|Synonyms||Macropodus signatus, Polyacanthus signatus|
|Sexual Dimorphism||Mature males are larger with elongated unpaired fins and extensions on the caudal fin.|
|Maximum Size||15cm (5.9")|
|Temperature||24-28 deg C (75-82 deg F)|
|Water Parameters||Soft & acidic. pH: 6.0-7.0, dH: up to 12 degrees.|
|Lighting||Dim-medium (can be brighter if diffused by plants)|
The Combtail is known from slow-flowing, shallow, clearwater streams with a pebbly or sandy substrate. Here they are found amongst the marginal vegetation, feeding on terrestrial insects and detritus. Juvenile fish form small shoals of 3-5 individuals, whereas the adults are territorial and solitary. The aquarium housing this species should be spacious and mature, with a substrate of soft sand or fine rounded gravel. Provide a multitude of hiding places amongst dense planting and tangles of driftwood. Filtration should be efficient, but water movement gentle, and small frequent water changes will help keep nitrate to a minimum. Combtails have the ability to take in warm air from above the water’s surface, so a small gap must be left between the surface of the water and the cover slides in order for the fish to accomplish this. These fish are not suitable for the general community aquarium on account of their territorial nature and propensity to eat small fish. As the adults (particularly the males) can be rather aggressive with one another, it is best to maintain just one compatible male-female pair, introduced simultaneously. Tankmates, if desired, should be of similar size and enjoy the same conditions. However, do not house with other anabantids, as they will likely not be tolerated. May also be seen on sale as Ceylonese Combtail or Ceylonese Fighting Fish.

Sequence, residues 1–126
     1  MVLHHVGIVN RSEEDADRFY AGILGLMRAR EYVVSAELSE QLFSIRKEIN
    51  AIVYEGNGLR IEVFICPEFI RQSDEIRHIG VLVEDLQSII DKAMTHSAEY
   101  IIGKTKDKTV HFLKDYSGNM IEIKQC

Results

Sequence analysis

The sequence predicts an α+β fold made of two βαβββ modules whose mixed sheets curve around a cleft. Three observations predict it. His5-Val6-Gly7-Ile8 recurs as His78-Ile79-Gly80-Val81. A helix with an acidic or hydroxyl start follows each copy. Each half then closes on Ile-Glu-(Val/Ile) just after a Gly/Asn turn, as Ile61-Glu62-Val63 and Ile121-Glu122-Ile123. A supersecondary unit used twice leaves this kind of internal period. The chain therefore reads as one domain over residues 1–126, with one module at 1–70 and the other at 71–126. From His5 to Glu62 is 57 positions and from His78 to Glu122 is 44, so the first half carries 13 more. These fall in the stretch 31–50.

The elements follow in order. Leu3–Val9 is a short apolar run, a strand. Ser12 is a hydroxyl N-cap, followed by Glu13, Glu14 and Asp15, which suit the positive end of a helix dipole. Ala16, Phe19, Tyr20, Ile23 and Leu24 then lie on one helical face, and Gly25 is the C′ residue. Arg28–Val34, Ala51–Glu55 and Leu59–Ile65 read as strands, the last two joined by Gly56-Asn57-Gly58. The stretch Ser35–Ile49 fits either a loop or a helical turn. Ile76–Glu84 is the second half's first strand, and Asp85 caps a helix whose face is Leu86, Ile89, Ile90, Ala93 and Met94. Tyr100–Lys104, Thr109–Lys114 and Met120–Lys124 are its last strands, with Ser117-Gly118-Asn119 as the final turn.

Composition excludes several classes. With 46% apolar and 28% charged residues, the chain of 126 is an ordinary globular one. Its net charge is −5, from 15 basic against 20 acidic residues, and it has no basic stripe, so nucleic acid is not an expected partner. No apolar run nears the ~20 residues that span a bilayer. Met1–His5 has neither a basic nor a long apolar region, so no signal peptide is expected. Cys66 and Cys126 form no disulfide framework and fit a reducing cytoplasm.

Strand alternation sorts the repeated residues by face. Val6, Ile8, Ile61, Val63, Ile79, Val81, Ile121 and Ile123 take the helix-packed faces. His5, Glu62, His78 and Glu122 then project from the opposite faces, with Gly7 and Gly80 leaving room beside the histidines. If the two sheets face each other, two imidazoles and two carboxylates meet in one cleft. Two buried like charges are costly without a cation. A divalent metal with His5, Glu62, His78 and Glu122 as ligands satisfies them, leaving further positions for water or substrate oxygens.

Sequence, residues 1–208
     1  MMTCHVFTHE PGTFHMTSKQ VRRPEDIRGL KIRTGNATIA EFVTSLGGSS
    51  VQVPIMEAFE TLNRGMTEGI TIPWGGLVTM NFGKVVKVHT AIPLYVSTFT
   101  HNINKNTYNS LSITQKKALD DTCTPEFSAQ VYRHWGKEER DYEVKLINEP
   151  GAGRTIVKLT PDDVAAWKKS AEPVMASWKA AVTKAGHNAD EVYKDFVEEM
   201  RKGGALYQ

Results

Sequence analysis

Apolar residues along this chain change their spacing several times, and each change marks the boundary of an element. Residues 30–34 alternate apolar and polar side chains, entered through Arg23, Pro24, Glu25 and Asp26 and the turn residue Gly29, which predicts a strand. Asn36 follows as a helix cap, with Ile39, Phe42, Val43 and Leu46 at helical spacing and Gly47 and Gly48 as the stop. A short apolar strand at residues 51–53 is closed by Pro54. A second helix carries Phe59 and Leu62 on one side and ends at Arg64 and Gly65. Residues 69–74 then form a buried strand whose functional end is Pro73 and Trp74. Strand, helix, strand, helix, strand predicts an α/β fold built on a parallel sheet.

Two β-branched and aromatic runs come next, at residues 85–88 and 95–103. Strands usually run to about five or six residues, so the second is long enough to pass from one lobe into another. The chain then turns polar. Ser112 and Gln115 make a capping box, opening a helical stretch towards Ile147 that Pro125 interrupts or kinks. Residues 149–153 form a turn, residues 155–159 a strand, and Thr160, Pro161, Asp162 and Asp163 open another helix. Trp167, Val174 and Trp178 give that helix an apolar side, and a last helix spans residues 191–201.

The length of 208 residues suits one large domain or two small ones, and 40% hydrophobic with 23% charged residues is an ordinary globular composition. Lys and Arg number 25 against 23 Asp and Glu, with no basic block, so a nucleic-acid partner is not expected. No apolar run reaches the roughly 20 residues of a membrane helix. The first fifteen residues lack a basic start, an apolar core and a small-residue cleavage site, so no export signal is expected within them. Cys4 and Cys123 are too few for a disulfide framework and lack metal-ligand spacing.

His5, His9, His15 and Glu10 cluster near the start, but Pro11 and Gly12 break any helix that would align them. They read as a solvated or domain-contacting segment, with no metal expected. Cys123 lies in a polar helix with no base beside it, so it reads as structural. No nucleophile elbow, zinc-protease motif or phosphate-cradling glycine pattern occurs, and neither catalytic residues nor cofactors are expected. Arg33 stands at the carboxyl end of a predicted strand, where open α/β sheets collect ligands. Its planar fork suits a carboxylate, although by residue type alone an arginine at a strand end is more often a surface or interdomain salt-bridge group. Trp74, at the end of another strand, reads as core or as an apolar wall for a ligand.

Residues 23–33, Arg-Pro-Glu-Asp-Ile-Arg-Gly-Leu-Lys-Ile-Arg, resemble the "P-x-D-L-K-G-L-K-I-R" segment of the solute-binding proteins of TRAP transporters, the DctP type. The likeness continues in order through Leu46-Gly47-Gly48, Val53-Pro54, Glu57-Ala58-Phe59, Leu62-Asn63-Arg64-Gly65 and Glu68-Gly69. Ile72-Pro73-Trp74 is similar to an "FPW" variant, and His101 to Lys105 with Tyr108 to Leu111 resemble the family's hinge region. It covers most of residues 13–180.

Small live or (defrosted) frozen foods are best for younger fish e.g. bloodworm, white mosquito larvae, daphnia, vitamin-enriched brineshrimp etc. Larger specimens will take bigger foodstuffs such as Mysis shrimp, chopped prawns and chopped earthworms (make sure these are clean and free of any pesticides). May eventually take some dried foods, but this should not be relied upon.
This species has not been bred in the home aquarium. In the wild, the male builds a bubble nest under a leaf at the surface of the water. Some 500 eggs are deposited/fertilised and the male guards the nest. Eggs hatch 2-3 days after spawning.